What are the treatment options for hypersomnia?

Many drugs intended for narcolepsy can treat hypersomnia. These include amphetamines, methylphenidate, and modafinil; these drugs are stimulants that help you feel more awake.

It can be treated with stimulants, such as Modafinil or Ritalin, commonly used to treat deficit disorder. Again, only a qualified medical professional can accurately diagnose sleep disorders and prescribe medications to treat them, to help you feel more awake, rested, and focused during the day. Some antidepressants such as fluoxetine, sertraline, or citalopram are also used to treat hypersomnia.

In patients with hypersomnia and narcolepsy, sodium oxybate may be prescribed at night to maximize rest and thus improve daytime sleepiness. However, taking medications over time can make the effects less efficient and lead to some troublesome side effects.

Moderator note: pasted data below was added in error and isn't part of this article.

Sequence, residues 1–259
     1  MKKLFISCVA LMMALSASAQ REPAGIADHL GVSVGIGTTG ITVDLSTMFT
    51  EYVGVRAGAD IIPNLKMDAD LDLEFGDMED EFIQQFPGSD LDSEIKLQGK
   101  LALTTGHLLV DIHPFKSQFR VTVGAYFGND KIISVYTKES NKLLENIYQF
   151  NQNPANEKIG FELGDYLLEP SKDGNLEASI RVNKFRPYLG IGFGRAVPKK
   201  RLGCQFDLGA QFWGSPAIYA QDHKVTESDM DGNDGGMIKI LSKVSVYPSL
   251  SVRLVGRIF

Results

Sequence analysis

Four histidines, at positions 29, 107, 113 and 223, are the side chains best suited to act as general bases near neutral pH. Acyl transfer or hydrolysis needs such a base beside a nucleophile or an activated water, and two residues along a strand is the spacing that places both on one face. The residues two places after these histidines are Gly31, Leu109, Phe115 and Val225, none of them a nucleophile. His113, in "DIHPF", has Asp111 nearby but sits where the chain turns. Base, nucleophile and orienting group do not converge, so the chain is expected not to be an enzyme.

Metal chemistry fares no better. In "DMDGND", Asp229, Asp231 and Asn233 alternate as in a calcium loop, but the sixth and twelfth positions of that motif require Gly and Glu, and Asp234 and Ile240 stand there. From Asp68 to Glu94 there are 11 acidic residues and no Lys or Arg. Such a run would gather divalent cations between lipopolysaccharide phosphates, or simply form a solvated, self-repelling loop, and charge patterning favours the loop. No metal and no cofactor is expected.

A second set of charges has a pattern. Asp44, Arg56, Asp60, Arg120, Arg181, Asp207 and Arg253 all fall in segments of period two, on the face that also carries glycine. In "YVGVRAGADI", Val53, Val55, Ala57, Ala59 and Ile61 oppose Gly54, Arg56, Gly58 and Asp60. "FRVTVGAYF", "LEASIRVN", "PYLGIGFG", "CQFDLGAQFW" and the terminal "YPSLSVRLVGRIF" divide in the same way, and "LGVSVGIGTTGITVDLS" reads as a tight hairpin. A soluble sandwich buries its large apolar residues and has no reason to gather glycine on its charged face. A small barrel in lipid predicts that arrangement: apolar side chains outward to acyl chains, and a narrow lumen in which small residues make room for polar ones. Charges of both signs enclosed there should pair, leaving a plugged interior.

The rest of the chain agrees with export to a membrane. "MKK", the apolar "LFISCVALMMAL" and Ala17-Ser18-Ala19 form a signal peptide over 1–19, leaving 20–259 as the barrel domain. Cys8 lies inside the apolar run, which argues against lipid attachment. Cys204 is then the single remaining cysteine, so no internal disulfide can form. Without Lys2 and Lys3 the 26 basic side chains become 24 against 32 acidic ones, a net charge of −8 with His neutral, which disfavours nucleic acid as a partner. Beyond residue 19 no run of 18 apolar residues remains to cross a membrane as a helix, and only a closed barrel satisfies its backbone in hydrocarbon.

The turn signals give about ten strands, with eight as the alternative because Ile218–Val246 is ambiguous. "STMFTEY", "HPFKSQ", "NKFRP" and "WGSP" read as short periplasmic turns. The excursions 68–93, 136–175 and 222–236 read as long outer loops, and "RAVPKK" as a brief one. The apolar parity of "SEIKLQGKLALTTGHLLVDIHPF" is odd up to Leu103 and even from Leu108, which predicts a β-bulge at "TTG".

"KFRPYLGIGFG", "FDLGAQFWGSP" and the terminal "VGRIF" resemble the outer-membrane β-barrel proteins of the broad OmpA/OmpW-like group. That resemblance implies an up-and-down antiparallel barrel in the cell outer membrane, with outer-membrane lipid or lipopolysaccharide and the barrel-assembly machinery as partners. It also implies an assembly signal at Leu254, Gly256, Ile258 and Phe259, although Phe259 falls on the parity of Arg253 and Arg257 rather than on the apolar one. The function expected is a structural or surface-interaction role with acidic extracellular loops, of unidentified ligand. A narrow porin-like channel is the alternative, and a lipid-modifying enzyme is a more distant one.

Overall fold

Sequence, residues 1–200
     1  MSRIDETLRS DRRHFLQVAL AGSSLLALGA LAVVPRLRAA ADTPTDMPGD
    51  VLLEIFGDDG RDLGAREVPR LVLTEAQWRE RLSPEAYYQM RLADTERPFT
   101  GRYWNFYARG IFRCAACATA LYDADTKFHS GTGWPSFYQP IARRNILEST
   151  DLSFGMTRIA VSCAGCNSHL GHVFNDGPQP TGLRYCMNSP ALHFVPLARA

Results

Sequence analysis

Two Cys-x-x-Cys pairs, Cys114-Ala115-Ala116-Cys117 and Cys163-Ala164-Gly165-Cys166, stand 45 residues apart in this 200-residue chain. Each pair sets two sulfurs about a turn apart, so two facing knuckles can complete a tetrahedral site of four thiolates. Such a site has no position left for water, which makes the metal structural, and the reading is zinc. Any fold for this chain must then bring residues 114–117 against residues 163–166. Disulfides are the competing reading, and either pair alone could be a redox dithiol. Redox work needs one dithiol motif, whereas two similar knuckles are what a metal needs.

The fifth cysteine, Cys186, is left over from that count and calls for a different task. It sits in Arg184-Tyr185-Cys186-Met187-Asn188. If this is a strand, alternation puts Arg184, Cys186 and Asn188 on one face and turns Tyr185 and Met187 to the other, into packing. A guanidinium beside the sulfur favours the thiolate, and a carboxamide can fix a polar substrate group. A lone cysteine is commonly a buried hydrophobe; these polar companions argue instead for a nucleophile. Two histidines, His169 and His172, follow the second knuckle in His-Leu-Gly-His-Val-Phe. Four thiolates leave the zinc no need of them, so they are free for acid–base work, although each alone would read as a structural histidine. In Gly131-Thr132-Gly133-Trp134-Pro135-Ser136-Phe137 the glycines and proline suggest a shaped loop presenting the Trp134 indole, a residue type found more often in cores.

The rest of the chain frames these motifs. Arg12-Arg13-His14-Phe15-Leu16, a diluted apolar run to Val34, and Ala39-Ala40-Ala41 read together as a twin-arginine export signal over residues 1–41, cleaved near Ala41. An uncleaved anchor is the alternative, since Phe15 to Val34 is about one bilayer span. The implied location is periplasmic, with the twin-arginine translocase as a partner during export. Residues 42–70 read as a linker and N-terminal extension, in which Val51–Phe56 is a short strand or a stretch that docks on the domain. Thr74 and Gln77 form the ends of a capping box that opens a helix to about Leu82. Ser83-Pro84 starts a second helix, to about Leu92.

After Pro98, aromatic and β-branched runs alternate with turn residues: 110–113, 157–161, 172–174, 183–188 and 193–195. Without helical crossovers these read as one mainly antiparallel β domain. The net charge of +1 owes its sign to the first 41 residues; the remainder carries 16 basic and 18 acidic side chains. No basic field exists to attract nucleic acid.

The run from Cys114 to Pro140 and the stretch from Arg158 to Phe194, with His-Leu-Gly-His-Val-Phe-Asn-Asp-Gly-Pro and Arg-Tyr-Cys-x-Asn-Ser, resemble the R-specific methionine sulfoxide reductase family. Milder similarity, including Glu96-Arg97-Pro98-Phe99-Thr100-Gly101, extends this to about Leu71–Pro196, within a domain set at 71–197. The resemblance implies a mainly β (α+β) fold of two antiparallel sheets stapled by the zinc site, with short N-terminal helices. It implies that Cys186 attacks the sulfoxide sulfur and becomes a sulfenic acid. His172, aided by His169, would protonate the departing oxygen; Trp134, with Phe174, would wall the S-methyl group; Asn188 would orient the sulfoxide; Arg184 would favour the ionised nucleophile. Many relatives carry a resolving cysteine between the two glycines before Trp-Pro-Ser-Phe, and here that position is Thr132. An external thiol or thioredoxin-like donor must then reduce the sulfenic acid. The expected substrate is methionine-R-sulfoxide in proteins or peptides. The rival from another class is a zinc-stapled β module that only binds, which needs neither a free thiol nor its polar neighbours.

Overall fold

Lifestyle changes can also mitigate the effects of hypersomnia. Getting into a good nighttime routine, going at the same time every night can help your body know when it’s time to sleep; good sleep hygiene ( using the bed only for sleep and sex and avoiding electronics in bed, for example) can also help to maximize your peace of mind, avoid caffeine, alcohol, and large meals before bed.

If you are concerned about your sleeping habits yourself or someone you know, consulting with a doctor is always worth consulting.

Georgia Tarrant
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Hello, how are you? My name is Georgia Tarrant, and I am a clinical psychologist. In everyday life, professional obligations seem to predominate over our personal life. It's as if work takes up more and more of the time we'd love to devote to our love life, our family, or even a moment of leisure.